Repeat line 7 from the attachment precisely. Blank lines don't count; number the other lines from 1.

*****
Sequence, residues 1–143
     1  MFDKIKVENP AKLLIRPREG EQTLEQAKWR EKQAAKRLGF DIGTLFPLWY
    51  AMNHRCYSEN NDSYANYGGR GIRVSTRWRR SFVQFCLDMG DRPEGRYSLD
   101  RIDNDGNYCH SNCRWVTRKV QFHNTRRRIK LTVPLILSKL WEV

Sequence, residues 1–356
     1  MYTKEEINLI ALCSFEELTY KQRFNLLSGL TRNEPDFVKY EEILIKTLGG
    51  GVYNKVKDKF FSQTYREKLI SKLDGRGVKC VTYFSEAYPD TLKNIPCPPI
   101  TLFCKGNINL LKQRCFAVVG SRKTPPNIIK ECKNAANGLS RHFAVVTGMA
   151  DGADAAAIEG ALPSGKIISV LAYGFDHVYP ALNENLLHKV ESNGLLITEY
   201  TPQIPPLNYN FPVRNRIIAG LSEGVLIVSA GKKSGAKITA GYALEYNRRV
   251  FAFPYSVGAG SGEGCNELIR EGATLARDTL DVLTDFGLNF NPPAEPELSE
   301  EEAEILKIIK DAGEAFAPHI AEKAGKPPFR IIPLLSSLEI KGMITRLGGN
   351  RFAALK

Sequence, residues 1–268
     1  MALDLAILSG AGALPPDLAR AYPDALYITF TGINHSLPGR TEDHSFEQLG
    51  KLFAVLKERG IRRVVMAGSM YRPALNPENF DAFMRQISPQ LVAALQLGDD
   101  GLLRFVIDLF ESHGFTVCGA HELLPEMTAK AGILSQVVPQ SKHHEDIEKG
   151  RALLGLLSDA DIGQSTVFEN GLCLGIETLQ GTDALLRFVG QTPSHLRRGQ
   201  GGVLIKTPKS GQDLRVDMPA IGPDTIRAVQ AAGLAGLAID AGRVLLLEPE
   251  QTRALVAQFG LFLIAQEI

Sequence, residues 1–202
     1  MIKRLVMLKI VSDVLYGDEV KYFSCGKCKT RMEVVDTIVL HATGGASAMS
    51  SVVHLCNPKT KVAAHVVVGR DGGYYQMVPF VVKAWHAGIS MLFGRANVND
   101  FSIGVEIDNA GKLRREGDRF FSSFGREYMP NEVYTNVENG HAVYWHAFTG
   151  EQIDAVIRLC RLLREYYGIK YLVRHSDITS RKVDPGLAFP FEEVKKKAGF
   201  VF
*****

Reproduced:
    51  GVYNKVKDKF FSQTYREKLI SKLDGRGVKC VTYFSEAYPD TLKNIPCPPI